Summary: you may be better or not-as-skilled at sewing than you think you are. So what! You don't need to know how good you are or not, to keep learning and sewing.
The next helpful thing to do is decide what kind of sewing you'd like to do first.
|The Strawberry+Chocolate+Vanilla collection|
|Dress-up costume and wig|
Further, it is also helpful to focus on a category of sewing projects, if only because the techniques, fabric handling, notions and construction sequences might be quite different among different kinds. Some examples of categories:
- Quilts and patchwork
- General crafts including home-decor items, toys and baby items
- Garment-making - but not tailoring (i.e. the fit is not generally important)
The way I eventually realized this was in noticing that sewing blogs were divided very distinctly into categories according to their sewing focus. For instance, blogs devoted to tailoring (including pattern alteration and drafting and draping) had a completely different vocabulary, style and target audience than those devoted to quilts, home-decor or baby items. Even with ikatbag, which is a sad melting pot of completely random pursuits, I have to mentally shift gears between writing a drafting post and one on sewing my kids' latest toy or sundress (it gets even funnier when I cross over to cardboard and electronics).
The point is not to limit yourself to one category forever. Rather, it is to be aware that the kinds of projects you can sew are sufficiently diverse that you might need different skill sets and vocabularies - and not just more hours of practice per se - to feel comfortable with them. Having those realistic expectations may, hopefully, prevent frustration that something seemingly easy (e.g. making a Tshirt) actually felt much trickier than something else that seemed more challenging (e.g. putting piping on your outdoor cushions). It's all relative, but different.
Look for resources. This is sort of self-explanatory, isn't it? However, the prospect of research can be very daunting when you aren't sure which direction you'd like to go first. Typing, "how to sew+ tutorials" into Google is likely to overwhelm you and be less helpful than streamlining your focus to, say, typing "blogs+girls' dresses" or "tutorial+ tote bag".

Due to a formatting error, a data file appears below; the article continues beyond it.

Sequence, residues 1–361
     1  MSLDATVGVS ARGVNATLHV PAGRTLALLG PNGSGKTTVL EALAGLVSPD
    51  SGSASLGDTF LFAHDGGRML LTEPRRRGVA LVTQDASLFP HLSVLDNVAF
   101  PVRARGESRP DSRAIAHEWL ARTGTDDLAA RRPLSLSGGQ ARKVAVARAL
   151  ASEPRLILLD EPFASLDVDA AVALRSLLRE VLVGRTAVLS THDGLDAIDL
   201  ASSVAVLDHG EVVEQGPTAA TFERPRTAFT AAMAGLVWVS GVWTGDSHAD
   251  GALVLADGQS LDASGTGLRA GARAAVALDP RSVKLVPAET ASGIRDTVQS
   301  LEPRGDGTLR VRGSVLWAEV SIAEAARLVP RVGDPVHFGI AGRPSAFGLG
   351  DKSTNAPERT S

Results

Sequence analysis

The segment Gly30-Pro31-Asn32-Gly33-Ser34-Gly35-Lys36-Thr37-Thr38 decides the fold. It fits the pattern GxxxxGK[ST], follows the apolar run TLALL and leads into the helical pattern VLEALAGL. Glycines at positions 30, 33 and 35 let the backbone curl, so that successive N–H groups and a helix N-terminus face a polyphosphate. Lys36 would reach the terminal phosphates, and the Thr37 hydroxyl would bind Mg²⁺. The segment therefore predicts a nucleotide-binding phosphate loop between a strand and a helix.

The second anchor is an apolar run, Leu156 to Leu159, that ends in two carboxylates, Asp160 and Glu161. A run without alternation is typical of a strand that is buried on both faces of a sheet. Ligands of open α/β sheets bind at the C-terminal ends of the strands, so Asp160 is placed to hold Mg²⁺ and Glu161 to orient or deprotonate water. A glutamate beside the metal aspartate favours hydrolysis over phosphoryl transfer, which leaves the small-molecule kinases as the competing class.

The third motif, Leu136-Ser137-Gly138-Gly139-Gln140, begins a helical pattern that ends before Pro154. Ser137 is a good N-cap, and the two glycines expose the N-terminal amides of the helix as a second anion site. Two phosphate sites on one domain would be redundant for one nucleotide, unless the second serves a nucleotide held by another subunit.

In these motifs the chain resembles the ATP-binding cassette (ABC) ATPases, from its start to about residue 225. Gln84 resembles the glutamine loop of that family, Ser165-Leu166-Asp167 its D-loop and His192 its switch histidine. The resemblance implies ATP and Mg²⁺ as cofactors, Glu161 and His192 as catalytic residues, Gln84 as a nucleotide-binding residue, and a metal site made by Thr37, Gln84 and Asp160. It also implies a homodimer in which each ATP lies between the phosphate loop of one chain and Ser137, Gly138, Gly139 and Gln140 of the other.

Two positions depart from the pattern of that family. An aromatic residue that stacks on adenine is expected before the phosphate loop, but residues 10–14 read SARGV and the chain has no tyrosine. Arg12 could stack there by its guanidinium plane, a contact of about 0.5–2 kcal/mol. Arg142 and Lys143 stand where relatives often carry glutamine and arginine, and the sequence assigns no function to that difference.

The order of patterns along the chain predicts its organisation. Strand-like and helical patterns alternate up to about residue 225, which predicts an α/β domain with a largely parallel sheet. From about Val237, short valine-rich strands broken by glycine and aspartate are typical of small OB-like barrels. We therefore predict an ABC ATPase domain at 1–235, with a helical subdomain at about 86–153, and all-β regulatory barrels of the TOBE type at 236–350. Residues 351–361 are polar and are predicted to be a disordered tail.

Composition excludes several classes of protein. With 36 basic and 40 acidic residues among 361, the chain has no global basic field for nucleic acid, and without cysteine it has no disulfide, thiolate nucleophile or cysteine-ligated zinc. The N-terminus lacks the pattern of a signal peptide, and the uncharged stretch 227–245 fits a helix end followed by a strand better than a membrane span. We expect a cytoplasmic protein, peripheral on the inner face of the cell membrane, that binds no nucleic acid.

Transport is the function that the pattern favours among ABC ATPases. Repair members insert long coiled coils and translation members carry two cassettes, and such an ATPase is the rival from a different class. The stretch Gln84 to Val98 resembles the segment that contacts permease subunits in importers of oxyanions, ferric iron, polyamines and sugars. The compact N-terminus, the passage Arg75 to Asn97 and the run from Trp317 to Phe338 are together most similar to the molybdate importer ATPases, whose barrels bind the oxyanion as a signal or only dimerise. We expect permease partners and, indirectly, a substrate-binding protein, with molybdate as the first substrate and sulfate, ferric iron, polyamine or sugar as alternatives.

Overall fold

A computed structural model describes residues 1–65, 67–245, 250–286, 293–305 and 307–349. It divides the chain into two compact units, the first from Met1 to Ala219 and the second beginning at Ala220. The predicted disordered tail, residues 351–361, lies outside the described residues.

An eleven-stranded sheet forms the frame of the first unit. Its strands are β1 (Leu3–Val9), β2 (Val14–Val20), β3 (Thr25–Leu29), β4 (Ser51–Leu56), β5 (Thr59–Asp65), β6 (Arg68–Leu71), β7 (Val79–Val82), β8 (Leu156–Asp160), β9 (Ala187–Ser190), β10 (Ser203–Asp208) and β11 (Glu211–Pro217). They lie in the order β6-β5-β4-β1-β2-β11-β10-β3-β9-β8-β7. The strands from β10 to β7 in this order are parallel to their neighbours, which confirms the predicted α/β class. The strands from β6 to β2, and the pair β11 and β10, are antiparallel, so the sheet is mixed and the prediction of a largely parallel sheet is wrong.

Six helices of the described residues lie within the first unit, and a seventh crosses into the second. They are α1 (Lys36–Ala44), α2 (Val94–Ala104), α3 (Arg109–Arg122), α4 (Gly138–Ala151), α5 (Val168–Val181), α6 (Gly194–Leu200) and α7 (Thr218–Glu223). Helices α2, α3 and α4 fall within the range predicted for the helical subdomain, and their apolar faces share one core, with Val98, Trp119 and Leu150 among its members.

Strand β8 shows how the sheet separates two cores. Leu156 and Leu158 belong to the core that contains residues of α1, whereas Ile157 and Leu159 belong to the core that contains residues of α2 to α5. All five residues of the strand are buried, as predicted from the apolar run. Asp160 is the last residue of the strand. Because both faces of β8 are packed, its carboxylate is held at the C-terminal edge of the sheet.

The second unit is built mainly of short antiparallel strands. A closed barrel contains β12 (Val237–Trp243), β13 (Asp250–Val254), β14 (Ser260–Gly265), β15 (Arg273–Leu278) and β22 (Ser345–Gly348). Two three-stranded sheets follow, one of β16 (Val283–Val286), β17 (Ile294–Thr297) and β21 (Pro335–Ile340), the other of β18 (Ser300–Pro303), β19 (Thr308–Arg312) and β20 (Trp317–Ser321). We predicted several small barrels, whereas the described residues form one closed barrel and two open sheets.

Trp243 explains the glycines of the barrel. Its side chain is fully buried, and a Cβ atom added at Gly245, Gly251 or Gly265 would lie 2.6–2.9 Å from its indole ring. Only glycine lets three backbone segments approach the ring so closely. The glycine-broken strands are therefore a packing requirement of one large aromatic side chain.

In addition to the internet, which is a wonderful and almost unlimited resource for anything these days, there are also sewing books (which I will talk about in the next post), periodicals and sewing magazines both for inspiration and instruction, courses and lessons, seminars, sewing groups and guilds. There are advantages and disadvantages to all of them, which means that the more different resources you use, the more complete your research and learning will be.
Books have the potential to provide the most linear, systematic and comprehensive instruction on broad and specific topics (e.g. Sewing 101 vs Darts & Pleats). Courses and lessons have the advantage of immediate and feedback and two-way interaction, plus real-time visual instruction. Seminars and conferences are wonderful for networking and getting aligned with current trends. Sewing groups and guilds support you locally and get you in touch with even more local resources.
And then there are blogs. Blogs are great - they aren't necessarily complete sources of sewing education, but they're inspirational and written by real people you can get to know. Plus they're right where you want them at 3 am while you nurse those babies. Hard to beat. Here's just one example: Liz and Elizabeth, the ladies behind Simple Simon and Co., ran a month-long feature on beginning sewing, called "What I Wish I'd Known When I Started Sewing" in January 2014. I enjoyed it so much. Go check it out.
In closing, I'm going out on a limb to guess that most people want to sew because they secretly want to make garments. I mean, I don't know a whole lot of folks whose real, ultimate goals in getting their sewing machines, were to sew cushion covers or baby bibs. Everyone I've talked to who's been interested in sewing at some level, has said something like this, "Honestly? I wish I could sew clothes. I saw this-or-that on a little girl/boy in the park/in a catalog, and I wished I knew how to sew. I think it would be amazing to even someday sew something for myself that fit. But I got my sewing machine to sew little things, you know - little pouches, a toy for my daughter, some blankets for gifts, maybe pillow covers and curtains someday. I'm not even going to think about clothes... yet."
Bravo! Bravo that you are starting somewhere, even if it is just practice until you muster the courage to sew what you really hope to. It's okay to improve faster than you thought you would. It's okay to get stuck from time to time. It's okay to sew the same things over and over again because you like it and because you like feeling confident at it. It's okay to thirst for different things even if you don't do as well outside your comfort zone as within. It's okay to feel overwhelmed. It's okay to be ambitious and aim high, or not. It's okay to ask. It's okay to learn. It's okay to unlearn and relearn. It's okay to sew differently from other people. It's okay not to have to defend how you sew. It's okay to decide, "I don't sew as well as so-and-so" (or "better than", if you're honest) and be perfectly content. It's okay to learn from your mother, from a professional dressmaking course, from a book, from someone's blog, from trial and error, from your kid's homec. notes. It's your sewing adventure, after all.
Over to you now: how did you learn to sew, and what advice do you have for beginning adult seamstresses?